The life and times of an ordinary man, with longueurs and lack of drama intact.



Man dies, gets to hover around and check out what the family is up to.

In the latest example of our recent obsession with a nonsectarian afterlife, Duncan (I, Lucifer, 2003, etc.) takes your ordinary recently dead schmoe, Nathan Clark, and puts him in the ectoplasmic ether, floating through the lives and thoughts of his family and friends. In a well-rendered but confusing start, Nathan requires considerable time to get his bearings and figure out why all those people are staring at his grave. It takes some time for the reader, too, to get acclimated inside Nathan’s head, which is, not surprisingly, buzzing with questions but also seems to be meshing with the thoughts of the people he’s watching. With a certain guilty voyeurism, he takes an eye to what his daughter Gina is up to, as to whether she’s sleeping with that none-too-trustworthy boyfriend of hers (Duncan makes little attempt to play down the more naturally prurient aspects of Nathan’s and in fact seems to revel in them). Nathan also delves into his relationship with his wife, Cheryl, a spiky-tempered ball of trouble whom he hasn’t really been able to connect with since the tragic death of their younger daughter, Lois. The men in Nathan’s life aren’t any easier: his father is a remote and sad fellow, his son Luke a basically good but distant and hard-to-figure kid. There’s an affair here for Nathan to uncover, as well as a room in his house he can’t quite bring himself to go into—and then, too, there’s the matter of the reason behind his restless ghostly wanderings in the first place. Duncan’s portrayal of the afterlife is refreshingly unsentimental, and he has plenty of talent to spare on the highs, lows, and everyday frustrations of family life, but it’s hard even so for the attention not to wander.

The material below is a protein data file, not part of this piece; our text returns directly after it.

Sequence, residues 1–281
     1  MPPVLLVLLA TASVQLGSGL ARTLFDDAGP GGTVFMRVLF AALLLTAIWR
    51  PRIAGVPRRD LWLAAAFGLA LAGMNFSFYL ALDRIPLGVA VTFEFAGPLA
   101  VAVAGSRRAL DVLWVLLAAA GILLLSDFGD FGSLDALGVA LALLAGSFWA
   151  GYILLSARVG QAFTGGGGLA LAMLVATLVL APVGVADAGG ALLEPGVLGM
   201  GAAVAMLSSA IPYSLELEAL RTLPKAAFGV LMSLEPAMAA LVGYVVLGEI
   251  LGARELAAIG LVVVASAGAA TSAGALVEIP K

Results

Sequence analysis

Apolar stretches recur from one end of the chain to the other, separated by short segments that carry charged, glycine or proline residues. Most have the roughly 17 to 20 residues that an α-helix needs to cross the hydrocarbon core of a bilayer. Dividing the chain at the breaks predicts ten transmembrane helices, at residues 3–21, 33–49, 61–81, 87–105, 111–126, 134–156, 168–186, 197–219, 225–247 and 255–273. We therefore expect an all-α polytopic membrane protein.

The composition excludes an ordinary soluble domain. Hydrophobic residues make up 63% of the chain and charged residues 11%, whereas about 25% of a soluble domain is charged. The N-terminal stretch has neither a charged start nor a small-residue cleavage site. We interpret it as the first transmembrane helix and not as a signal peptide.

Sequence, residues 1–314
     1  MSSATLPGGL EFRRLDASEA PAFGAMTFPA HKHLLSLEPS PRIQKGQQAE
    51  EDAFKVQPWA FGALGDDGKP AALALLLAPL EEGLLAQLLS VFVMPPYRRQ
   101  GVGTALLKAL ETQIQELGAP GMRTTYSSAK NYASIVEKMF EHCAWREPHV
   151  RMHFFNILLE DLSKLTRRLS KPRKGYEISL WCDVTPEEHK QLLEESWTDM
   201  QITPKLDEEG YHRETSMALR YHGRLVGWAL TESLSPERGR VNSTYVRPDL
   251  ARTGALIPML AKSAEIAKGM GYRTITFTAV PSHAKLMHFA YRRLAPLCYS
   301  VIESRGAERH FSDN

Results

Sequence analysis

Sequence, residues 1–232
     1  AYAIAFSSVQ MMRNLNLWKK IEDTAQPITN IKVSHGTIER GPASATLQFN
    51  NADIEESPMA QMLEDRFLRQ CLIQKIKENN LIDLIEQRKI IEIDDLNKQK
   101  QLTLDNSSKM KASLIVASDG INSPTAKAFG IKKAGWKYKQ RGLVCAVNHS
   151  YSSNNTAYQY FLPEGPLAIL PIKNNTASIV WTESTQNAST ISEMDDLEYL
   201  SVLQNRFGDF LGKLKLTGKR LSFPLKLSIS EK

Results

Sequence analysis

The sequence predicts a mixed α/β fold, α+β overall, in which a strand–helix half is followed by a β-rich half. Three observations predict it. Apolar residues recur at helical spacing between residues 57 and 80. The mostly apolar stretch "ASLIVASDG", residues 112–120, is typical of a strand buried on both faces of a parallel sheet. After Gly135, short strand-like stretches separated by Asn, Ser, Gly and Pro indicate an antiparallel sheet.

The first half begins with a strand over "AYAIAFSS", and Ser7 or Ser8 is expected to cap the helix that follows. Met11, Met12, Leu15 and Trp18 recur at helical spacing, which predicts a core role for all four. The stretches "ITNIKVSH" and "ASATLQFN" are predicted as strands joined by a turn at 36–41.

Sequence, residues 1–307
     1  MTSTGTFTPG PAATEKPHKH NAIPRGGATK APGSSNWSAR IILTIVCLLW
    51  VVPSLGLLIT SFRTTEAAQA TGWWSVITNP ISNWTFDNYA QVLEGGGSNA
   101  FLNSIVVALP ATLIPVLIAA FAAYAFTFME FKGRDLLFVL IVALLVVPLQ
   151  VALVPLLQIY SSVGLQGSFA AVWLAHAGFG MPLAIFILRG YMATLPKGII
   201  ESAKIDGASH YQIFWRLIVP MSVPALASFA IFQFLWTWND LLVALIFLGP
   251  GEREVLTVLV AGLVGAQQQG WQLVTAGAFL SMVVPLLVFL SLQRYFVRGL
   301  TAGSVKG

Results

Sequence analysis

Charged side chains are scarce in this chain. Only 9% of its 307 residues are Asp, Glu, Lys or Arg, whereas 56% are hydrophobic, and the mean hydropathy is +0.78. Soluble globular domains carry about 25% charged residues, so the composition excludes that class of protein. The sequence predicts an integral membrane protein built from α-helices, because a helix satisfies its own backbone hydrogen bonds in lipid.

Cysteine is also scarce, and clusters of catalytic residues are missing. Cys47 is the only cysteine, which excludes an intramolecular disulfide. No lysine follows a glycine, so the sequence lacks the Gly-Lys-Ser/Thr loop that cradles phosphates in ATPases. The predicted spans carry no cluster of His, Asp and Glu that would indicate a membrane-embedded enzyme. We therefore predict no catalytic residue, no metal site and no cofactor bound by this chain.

The life and times of an ordinary man, with longueurs and lack of drama intact.

Pub Date: Jan. 1, 2005

ISBN: 0-8021-7004-8

Page Count: 320

Publisher: Black Cat/Grove

Review Posted Online: May 20, 2010

Kirkus Reviews Issue: Oct. 1, 2004

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Kin “[find] each other’s lives inscrutable” in this rich, sharp story about the way identity is formed.

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Inseparable identical twin sisters ditch home together, and then one decides to vanish.